So … you think you’ve got a handle on writing humour?

I’m two years and four months into writing my first rom-com and I am asking myself this question all the time.  Fewer posts appear @LostBlogs when I am having a purple patch which I always make the best of, I’ve been up since 03.30 this morning, but one never knows if the next bout of Writer’s Block is just around the corner.  Writer's Block when your imaginary friends refuse to to talk to you

I’m wrestling with re-write number 5, which I started with the intention of paring it down and a few hundred words have managed to appear on our Outtakes Page.  But three quarters of the way through and the word count has risen by 3000 words.  What is it about me and not being able to get rid of stuff?

Humour is so subjective. What tickles my funny bone, may not float your boat.  Slapstick, Deadpan, Self-Deprecating, Topical, Satire, Black or Surreal?  There are many  sidesplitting sinkholes for me and my rom-com to disappear into.

Writing a novel is a challenge and making sure that the humour in it is evenly spread over a plot strong enough to hold it up is the challenge I have set for myself.  Spurred on by such inspirational role models as Helen Fielding, Sue Limb, Sally Wainwright and Willy Russell whose work I frequently dive into and always leaves me in awe.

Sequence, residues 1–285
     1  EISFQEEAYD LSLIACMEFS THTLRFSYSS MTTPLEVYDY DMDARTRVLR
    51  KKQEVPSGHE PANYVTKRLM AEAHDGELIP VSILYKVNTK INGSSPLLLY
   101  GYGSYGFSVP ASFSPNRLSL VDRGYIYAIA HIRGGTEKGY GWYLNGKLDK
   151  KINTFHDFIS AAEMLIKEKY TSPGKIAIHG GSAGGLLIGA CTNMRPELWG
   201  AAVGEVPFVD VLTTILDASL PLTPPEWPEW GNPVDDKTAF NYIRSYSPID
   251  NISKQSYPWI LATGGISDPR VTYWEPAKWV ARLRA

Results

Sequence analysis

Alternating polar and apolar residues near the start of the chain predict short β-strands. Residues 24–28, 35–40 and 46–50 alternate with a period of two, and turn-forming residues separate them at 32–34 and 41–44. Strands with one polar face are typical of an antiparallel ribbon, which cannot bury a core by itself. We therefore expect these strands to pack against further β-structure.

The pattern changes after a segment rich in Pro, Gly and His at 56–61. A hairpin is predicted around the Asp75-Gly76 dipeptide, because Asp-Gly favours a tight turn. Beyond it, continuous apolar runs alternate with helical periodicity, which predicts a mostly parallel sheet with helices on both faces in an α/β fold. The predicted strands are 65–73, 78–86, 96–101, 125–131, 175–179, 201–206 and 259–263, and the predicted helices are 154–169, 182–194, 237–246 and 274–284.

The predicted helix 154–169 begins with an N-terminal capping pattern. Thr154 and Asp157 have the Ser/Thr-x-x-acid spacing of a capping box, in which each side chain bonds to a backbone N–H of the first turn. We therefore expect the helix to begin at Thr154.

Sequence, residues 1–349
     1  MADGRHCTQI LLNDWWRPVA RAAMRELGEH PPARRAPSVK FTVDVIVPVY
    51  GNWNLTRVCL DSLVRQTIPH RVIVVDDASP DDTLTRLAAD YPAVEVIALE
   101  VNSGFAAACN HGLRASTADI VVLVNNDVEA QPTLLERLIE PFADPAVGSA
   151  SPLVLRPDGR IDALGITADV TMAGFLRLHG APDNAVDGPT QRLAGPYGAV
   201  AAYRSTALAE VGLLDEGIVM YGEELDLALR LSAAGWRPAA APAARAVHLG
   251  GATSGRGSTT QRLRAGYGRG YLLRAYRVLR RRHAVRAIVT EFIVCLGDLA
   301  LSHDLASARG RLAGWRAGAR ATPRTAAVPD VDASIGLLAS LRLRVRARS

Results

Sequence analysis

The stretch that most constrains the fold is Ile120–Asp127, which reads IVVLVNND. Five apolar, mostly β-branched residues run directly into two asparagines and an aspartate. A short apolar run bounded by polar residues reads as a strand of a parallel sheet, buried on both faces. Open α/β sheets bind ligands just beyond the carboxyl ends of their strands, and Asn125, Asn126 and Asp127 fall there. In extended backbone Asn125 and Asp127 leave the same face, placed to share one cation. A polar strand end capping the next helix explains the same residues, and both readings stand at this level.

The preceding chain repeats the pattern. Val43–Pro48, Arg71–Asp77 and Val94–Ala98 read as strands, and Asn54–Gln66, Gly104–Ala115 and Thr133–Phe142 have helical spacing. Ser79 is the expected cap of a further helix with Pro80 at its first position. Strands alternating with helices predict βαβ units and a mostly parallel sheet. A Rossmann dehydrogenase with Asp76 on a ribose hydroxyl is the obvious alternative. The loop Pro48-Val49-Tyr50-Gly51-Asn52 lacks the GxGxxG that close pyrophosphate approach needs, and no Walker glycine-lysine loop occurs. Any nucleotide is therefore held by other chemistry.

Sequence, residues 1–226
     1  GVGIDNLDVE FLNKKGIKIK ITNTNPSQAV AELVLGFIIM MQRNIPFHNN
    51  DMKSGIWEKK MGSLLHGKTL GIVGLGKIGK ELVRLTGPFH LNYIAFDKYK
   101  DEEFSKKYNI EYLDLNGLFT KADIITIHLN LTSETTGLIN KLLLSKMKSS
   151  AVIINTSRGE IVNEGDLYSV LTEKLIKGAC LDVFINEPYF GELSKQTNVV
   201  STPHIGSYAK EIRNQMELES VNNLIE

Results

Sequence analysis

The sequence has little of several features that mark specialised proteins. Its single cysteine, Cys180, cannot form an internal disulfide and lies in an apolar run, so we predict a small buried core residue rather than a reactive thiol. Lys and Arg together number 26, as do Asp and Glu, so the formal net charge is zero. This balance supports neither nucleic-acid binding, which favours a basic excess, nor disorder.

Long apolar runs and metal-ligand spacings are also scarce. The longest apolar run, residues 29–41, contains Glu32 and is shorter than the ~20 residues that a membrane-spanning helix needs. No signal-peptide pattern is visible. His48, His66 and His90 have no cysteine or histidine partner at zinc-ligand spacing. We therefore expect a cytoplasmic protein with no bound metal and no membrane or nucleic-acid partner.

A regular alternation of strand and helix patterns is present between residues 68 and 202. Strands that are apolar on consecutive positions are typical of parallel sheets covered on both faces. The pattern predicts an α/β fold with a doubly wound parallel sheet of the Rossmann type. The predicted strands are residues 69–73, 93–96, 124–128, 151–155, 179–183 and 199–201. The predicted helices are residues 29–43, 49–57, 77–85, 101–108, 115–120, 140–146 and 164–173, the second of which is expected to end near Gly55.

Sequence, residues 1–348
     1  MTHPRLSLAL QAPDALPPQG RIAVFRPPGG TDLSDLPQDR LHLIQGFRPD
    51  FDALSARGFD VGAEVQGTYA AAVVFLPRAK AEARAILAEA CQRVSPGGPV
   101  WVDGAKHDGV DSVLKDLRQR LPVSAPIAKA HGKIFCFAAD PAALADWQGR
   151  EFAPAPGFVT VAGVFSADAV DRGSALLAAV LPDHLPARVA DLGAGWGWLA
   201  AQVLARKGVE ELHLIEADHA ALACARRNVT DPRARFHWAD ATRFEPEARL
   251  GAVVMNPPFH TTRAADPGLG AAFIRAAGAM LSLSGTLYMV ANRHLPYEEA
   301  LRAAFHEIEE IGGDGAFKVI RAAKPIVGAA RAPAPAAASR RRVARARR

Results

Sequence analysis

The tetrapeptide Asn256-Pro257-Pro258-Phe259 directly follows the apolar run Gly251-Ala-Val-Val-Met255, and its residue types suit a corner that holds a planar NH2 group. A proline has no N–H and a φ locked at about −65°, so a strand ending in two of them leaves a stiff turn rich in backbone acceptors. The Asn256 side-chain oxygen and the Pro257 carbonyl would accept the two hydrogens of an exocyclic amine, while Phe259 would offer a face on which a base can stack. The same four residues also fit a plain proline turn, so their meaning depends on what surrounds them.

Life is better when your're laughing

In an unsettled world there is often little to laugh about and we all need time for a bit of comedic reflection.  To flick through, or to digitally swipe, pages of ficition about a life, not too disimilar from our own. To smile at the light hearted banter from the lips of our anassuming hero who goes out and kicks arse to make their wildest dream come true.  It’s good to laugh.

Being an author of a book is like being a mother of a debutante in the Middle Ages. You have to present your baby to society and provide her with dowry, and in your heart, you hope that some royalty spends a night with her and ensures her way to success.

 Elvira Baryakina

Elvira Baryakina

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